Questions for ‘Your DNA is an open book — but can’t yet be fully read’ | Science News for Students

Questions for ‘Your DNA is an open book — but can’t yet be fully read’

May 24, 2018 — 6:30 am EST
DNA book

There are many companies that offer to read your DNA, but they can’t fulfill all the promises you see in their ads.

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To accompany feature “Your DNA is an open book — but can’t yet be fully read” 

SCIENCE 

Before Reading

1.  There are lots of advertisements for companies that will “test” your DNA. What do these companies promise to do? Look up three online and compare what they offer.

2.  Do you know anyone who has had their DNA tested (sequenced)? What did they learn?

During Reading

1.  Give three examples of what companies that test DNA for people promise to tell their customers based on those tests.

2.  What is precision, or personalized, medicine?

3.  Why does Gail Jarvik say that you should desire a boring genome?

4.  Why does Leslie Biesecker say that genome sequencing is not very useful for most people?

5.  What are SNPs?

6.  What is the difference between “dominant” and “recessive” genes?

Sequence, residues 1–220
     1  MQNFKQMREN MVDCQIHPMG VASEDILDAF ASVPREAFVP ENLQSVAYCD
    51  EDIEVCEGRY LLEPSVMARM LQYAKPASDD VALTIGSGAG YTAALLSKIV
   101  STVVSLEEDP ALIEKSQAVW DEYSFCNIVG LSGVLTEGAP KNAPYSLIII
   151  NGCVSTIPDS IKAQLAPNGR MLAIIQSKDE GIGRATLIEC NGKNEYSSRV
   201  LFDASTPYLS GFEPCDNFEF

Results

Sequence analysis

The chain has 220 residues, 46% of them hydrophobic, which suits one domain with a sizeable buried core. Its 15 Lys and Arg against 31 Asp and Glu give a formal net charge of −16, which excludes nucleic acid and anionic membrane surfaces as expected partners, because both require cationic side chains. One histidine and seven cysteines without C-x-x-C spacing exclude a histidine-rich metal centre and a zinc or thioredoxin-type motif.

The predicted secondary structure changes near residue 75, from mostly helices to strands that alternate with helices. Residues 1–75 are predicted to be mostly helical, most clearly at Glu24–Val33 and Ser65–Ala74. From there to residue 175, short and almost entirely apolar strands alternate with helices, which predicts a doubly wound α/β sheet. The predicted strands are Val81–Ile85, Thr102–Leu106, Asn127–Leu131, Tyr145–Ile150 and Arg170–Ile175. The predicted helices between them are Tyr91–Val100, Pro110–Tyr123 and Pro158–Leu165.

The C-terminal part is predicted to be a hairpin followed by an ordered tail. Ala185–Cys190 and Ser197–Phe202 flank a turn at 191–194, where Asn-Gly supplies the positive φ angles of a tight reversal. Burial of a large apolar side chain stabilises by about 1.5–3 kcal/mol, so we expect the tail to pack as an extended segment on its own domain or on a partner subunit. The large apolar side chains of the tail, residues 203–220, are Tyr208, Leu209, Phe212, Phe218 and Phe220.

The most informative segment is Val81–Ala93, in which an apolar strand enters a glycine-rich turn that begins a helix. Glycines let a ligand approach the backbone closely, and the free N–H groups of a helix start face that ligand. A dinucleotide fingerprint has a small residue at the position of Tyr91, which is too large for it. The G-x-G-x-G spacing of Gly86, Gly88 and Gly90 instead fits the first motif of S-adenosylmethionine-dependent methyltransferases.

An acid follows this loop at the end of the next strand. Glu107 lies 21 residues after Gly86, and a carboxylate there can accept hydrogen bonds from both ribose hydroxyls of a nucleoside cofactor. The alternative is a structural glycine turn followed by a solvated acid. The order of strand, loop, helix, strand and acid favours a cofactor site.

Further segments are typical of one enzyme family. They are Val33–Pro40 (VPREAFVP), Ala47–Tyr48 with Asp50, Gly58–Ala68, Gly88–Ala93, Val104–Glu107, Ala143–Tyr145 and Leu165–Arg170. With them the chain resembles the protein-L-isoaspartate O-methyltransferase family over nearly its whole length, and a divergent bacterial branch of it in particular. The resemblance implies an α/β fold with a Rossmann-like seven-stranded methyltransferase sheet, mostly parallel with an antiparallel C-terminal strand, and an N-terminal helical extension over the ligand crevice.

7.  What are polygenic traits?

8.  Why would a DNA testing company tell you about genes related to earlobe shape?

9.  Why does Christopher Gardner say that it’s not yet possible to make decisions about diet based on your genes?

10.  How could DNA testing be useful when making decisions about what drugs a person should or shouldn’t take?

After Reading

1. If you were offered a free test, would you accept to have your DNA sequenced? Why or why not? Use evidence from the story to explain your answer.

2. Would you agree to let the testing company share your data with others? Why or why not?

3. Imagine that you’ve had your DNA tested by two companies. One tells you that you should eat a low-fat diet. The other tells you nothing about diet at all. Will you change what you eat? Explain your answer. Use evidence from the story to inform that answer.